Stop Telling Divorcees That Having Their Kids 50% Of The Time Is A Blessing
It is a comment I have received at least a dozen times since my divorce became more widespread knowledge.
“I mean, you’re lucky. At least you get a break half of the time.”
“I wish I only had to deal with my kids fifty percent of the time.”
…Or some variation or another of this same sentence.
And you know what? Plain and simple, it sucks. Not only is it rude, but it is assumptive and cold-hearted.
Our divorce was born from my need to end a very toxic cycle and promote a peaceful environment for our children. Our kids deserve better than all the arguments their father and I had. And despite trying very hard to learn helpful tools in therapy, we eventually realized we were not meant to be together. So, we ended things as amicably as we could (which was not that amicably at all). And we continue to co-parent as kindly as we can (which is not very kindly all the time either). But we are trying. And it is incredibly hard.
I have done hard things in my life, and co-parenting may be the hardest.
But beyond the difficulty of co-parenting with someone who I do not see eye-to-eye with on just about anything, there are additional heartaches that made our decision nearly impossible. I mean, let’s be real: the world was just hit with a relatively unknown virus and consequent massive pandemic. Our divorce was legally finalized about ten days before the globe shut down due to COVID. I went from being a full-time mom to a mom who only gets to see her babies half of the time in a pandemic.
So, within that fifty percent I don’t see my children?
I get to worry about what they’re doing with their father, who I generally almost never align with. Parents who split their time also have the fun, added gift of anxiety over the fact that their kiddos could contract a potentially fatal disease.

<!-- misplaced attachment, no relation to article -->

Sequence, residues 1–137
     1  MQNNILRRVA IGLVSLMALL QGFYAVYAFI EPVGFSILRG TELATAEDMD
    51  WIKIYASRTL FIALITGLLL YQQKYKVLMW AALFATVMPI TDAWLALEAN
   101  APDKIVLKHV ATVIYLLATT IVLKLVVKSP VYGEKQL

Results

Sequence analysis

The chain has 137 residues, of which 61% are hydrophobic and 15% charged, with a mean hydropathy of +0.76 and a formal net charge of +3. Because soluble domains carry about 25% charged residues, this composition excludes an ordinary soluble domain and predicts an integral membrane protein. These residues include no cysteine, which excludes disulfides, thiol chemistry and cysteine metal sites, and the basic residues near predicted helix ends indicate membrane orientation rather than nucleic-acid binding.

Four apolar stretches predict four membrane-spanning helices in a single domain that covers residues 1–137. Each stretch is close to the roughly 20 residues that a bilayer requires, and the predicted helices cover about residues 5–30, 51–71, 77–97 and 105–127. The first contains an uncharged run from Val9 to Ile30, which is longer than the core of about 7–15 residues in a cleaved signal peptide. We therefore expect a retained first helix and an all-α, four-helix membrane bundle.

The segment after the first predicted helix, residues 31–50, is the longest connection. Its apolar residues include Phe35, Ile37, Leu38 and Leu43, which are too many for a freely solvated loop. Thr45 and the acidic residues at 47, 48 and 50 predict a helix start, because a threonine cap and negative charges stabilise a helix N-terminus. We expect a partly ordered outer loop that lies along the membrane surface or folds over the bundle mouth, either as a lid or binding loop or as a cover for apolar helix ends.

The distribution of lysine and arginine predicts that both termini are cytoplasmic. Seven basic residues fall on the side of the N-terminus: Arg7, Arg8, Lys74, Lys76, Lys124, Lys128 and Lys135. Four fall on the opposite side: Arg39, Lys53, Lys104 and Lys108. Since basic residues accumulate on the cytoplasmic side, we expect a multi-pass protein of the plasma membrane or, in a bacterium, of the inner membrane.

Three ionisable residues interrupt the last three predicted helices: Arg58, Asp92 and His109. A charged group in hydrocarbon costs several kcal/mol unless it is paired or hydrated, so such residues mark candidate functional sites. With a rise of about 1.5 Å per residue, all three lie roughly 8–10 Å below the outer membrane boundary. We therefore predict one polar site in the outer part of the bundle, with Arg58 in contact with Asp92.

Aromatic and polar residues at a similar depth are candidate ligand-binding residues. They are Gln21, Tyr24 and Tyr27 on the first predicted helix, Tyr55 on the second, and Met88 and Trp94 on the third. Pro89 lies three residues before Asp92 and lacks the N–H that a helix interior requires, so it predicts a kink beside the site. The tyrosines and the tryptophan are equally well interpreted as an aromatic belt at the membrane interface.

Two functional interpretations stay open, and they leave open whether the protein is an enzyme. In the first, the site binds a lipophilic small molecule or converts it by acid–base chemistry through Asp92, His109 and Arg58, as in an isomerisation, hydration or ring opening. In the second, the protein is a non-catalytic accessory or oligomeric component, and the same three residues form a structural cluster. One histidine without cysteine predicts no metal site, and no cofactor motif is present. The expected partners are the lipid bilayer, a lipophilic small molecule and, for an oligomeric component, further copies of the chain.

Oh, and in that fifty percent single parents also have to work. In fact, I am a single mother working hard to make ends meet. So, to be real, I am not lucky I have my kids half of the time, because the other portion of this agreement (I never really wanted) is that I have no partner to share in the workload running and maintaining my home. And most of us don’t have help help at many points in our journey. So, our child-free time is taken up by making a living. For me, that entails running my three companies and maintaining my household. My “child-free fifty percent” is about .09% glamour and 99.91% work.
The truth is, I am as burnt the eff out as the next mom who has her kids one hundred percent of the time. And to be (more) blunt, as a former homeschool teacher, I would much rather be burnt out on play time than burnt out on bill-paying. I’d also much rather be around my kids every chance possible than not be able to have contact for half of their time. Most parents in my boat feel the same way. Sure, from the perspective of other single parents lacking the support of a co-parent we may seem lucky. But two differing truths can exist at the same time, even if they seem opposing in nature.
But even if we have the support we need (which is rare in all types of parenthood), and our time isn’t swallowed whole by labor (which is also rare in parenthood), we aren’t lucky. Divorce can be messy, grief-inducing, and heart-breaking, especially when children are involved. There is no blessing in being able to see our children on a restricted schedule. It is heartbreaking. So please keep your comments to yourself.
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